Risks to shipping using the Libyan ports of As Sidra and Ras Lanuf are currently at elevated risk of collateral damage, IHS Country Risk has reported.
Following the Islamic State attack on major Libyan oil port As Sidra on 1 October, Richard Cochrane, senior IHS Middle East North Africa analyst, said that while shipping is unlikely to be specifically targeted, ships are vulnerable to fighting between rival militias using “inaccurate Grad-type rockets and mortar fire”.
Media reports of the Islamic State attack on the port state that it involved an attempted suicide bombing and a gun fight. Numbers of the killed and injured vary. Between one and three port guards, who belong to the Petroleum Facilities Guard (PFG) which controls the oil terminals, were reported to have been killed, along with the would-be bomber; two guards are said to have been critically injured, along with several Islamic State militants.
The port has been closed since December 2014. It is a key oil depot with the potential of shipping over 400,000 barrels of oil per day.
The oil terminals at As Sidra and Ras Lanuf are likely to be a “key long-term prize” in Islamic State’s strategy, said Cochrane, due to the avenue they provide for oil export.
While the port is currently under the control of forces allied with the internationally recognised government based in Tobruk, Cochrane said that this could change.
The nearby town of Ajdabiya is the stronghold of the Jadhran family, one of whom, Ibrahim, commands the PFG. While Jadhran was allied with the government, Cochrane warned that this alliance has begun to break down in recent weeks.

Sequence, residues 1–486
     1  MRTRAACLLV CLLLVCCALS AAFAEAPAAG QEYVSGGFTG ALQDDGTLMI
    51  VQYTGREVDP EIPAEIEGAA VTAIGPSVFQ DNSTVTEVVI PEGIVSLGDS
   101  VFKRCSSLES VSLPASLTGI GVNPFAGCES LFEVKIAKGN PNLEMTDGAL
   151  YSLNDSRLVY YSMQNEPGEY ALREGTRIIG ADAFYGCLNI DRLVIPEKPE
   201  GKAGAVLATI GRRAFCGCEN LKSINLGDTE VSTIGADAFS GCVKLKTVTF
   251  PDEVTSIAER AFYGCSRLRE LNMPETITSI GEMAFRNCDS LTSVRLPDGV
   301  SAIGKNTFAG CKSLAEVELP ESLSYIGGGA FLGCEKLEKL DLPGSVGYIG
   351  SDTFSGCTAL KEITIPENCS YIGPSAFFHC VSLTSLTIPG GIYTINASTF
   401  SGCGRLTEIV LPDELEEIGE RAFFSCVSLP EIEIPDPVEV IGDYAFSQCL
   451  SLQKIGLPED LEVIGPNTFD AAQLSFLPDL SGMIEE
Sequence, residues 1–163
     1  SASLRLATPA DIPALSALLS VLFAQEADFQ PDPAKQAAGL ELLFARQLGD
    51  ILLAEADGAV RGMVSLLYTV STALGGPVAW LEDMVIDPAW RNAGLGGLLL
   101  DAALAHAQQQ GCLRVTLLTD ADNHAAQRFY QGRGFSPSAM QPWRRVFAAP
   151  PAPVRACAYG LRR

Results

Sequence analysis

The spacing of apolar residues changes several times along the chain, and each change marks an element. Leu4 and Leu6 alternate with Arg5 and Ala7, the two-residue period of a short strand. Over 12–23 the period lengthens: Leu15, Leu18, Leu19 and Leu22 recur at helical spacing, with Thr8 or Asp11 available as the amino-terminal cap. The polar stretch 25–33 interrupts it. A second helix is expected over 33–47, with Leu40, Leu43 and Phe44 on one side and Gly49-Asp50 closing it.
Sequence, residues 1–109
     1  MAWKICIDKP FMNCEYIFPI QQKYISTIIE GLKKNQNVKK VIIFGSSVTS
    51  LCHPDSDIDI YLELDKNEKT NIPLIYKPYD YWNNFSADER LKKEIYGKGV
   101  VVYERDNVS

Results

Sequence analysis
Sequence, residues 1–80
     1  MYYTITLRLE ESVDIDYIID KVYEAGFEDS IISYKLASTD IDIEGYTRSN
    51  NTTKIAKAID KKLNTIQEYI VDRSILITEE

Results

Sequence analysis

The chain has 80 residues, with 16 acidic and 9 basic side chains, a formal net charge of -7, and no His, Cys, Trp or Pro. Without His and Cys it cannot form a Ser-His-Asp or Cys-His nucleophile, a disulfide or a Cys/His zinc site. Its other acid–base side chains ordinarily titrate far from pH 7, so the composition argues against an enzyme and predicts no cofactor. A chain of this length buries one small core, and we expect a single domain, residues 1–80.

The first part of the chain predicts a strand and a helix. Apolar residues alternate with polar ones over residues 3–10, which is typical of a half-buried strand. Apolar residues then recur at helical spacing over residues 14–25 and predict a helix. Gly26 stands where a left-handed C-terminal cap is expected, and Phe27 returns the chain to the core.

In addition, Islamic State has started co-opting local tribes in this town.
“We’re seeing a spike in assassinations and fighting in Ajdabiya, indicating that a power struggle is under way between local tribes and jihadists. This undermines security at the terminals and the outcome will obviously be relevant for risks going forward,” said Cochrane.
In addition, oil tankers are at high risk of detention, as the PFG “refuses to recognise the authority of the National Oil Corporation in Tripoli to authorise oil shipments”. But risks of damage to vessels stemming from this dispute are low, said Cochrane.
Due to the fighting in Ajdabiya, the ports at Brega (not under PFG control) and Zueitina are now also at risk, Cochrane confirmed.
Sirte seaport is under the control of IS and is currently closed. “All shipping on approach to Sirte faces a severe risk of coming under attack by Libyan National Army airpower,” warned Cochrane.
Risks to port terminal infrastructure is mitigated by the desire of IS to exploit the revenue-earning potential of the terminals, an IHS Country Risk note stated in May this year.
The group is likely to seek profit from “the opaque system of payments surrounding the export and sale of oil in Libya, probably by infiltrating or co-opting the PFG,” said the note.
However, while the group might maintain the terminals intact, there is an increased risk of “kidnap and death and injury to foreign nationals (particularly Westerners) working at these sites”.
Maritime risk analysis firm Dryad Maritime issued a notice today advising vessels that are approaching Libya to “proceed with extreme caution and be prepared to respond to any VHF calls or warnings from military forces”.
Vessels wishing to trade at any Libyan ports “should send their arrival notices and await authorisation to visit in accordance with local port regulations”, advised the company, adding that a “comprehensive risk assessment should be conducted to ensure the hazards of trading at any Libyan port are fully understood”.